Categories: Business

IMF Executive Board Approves Financial Arrangement for Mongolia

The FINANCIAL — The Executive Board of the International Monetary Fund (IMF) on May 24 approved a three-year extended arrangement under Extended Fund Facility (EFF) for Mongolia in a total amount of SDR 314.5054 million (about US$434.3 million, or 435 percent of quota) to support the country’s economic reform program.


Other financing partners, including the Asian Development Bank, the World Bank, Japan, and Korea, have also committed to provide budgetary and project support, and the People’s Bank of China has agreed to extend its swap line with the Bank of Mongolia. In sum, the total financing package amounts to about $5.5 billion. The Board’s approval of the arrangement enables the immediate disbursement of an amount equivalent to SDR 27.9560 million (about $38.6 million).

The authorities’ program aims to stabilize the economy, restore confidence, and pave the way to economic recovery. A critical pillar of the program is fiscal consolidation, to reduce the pressure on domestic financial markets, stabilize the external position, and restore debt sustainability. The program includes important safeguards to protect the most vulnerable during this period of adjustment as well as institutional reforms to make sure the fiscal adjustment is durable. Another pillar of the program is a comprehensive effort to rehabilitate the banking system and strengthen the Bank of Mongolia. A broad set of structural reforms is designed to support private-sector led growth, according to IMF.

The Executive Board also concluded the 2017 Article IV consultation with Mongolia today. A separate press release will be issued shortly.

Following the Executive Board’s discussion, Mr. Mitsuhiro Furusawa, Deputy Managing Director and Acting Chair, issued the following statement:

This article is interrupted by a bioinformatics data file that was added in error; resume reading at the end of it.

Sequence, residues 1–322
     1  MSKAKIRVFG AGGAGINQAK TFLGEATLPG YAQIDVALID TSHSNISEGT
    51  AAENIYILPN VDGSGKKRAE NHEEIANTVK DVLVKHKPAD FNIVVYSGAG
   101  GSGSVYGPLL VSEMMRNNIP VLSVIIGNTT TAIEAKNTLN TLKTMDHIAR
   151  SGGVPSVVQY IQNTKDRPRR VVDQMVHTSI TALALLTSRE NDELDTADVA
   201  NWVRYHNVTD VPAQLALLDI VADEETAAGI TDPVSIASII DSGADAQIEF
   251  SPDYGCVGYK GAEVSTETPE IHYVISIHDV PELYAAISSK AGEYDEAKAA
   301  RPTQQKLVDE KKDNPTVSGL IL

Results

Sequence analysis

“Mongolia was hit hard by the sharp decline of commodity prices and the slowdown in key export markets. Efforts to mitigate these shocks through expansionary policies were unsuccessful and resulted in unsustainable public debt, falling international reserves, and lower growth.

“Against this background, the Mongolian authorities are implementing a program to maintain macroeconomic stability, pave the way to economic recovery, and protect the most vulnerable during the adjustment process. Fiscal consolidation is a critical element of this program, including cuts of non-essential expenditures, a move to progressive taxation, pension and public financial management reforms, and steps to strengthen and better target the social safety net. A number of structural fiscal reforms, including an independent fiscal council, will help to bolster budget discipline. Sizable fiscal adjustment, coordinated concessional external financing from development partners, and continued engagement with private creditors will help restore debt sustainability and rebuild international reserves. The commitment to a market-determined exchange rate will strengthen the economy’s resilience to external shocks, supported by prudent monetary policy and the program’s favorable impact on confidence and private sector capital flows. A new central bank law is envisaged to strengthen the governance and independence of the Bank of Mongolia. In addition, implementation of a comprehensive strategy would rehabilitate the banking sector, improve the supervisory and regulatory framework, and strengthen the AML/CFT regime. The program also includes structural reforms to achieve sustainable and inclusive growth. These reforms aim to improve the business environment, promote economic diversification, and encourage foreign direct investment.